Endophthalmitis is most commonly the result of bacteria from the ocular/periocular surface entering the eye, rather than bacteria growing on the surface of an instrument inserted into the eye during surgery. TASS unrelated to products inserted into the eye (eg, toxic IOLs, endotoxin-contaminated solutions, preservatives in liquids, impure viscosurgical devices, etc.) is usually due to problems with cleaning the instruments, not sterilizing them, unless the sterilization water is contaminated. Specifically, the accumulation of bioburden (denatured debris, viscosurgical devices, etc.) or heat-stable endotoxins from contaminated ultrasonic baths on the instruments we use represent a problem with cleaning and have nothing to do with the sterilization cycle.

Properly cleaned surgical instruments are usually not responsible for endophthalmitis or TASS. Therefore, the generally accepted protocol for sterilization cycles after the proper cleaning of instruments has proven very effective. Ensuring clean and sterile instruments is a process, not just a function of the sterilization time. In the processing of our surgical instruments, it is the cleaning, rinsing, and inspecting side of the equation that needs our assiduous attention.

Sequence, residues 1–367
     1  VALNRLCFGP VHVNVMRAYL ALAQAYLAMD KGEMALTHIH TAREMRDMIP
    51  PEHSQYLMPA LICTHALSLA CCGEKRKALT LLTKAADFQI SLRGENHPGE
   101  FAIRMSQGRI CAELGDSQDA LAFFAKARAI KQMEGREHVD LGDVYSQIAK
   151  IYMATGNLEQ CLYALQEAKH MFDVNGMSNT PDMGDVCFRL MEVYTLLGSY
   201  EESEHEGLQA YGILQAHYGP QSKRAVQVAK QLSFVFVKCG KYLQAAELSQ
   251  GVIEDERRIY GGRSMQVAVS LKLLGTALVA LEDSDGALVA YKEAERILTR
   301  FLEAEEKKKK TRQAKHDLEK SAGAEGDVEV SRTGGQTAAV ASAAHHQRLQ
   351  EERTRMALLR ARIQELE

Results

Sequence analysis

It is pertinent that the ASCRS task force's guidance makes no specific recommendation about sterilization cycle times other than "flash sterilization should not be used to save time or as a substitute for sufficient instrument inventory."3 What constitutes flash sterilization?

Flash sterilization can take many forms. The standards of the American National Standards Institute and the Association for the Advancement of Medical Instrumentation define it as follows. For metal, nonporous instruments without lumens, flash sterilization is 3 minutes at 270° in a gravity-displacement steam sterilizer. For porous or metallic instruments with lumens, it is 10 minutes at 270°.4 In my experience, flash sterilization has been described by OR personnel as any sterilization cycle lasting from 3 minutes to under an hour. My conclusion is that the word flash has no precise practical meaning when defining sterilization cycles. I suggest we surgeons abandon such an imprecise term and define our cycles by time and temperature.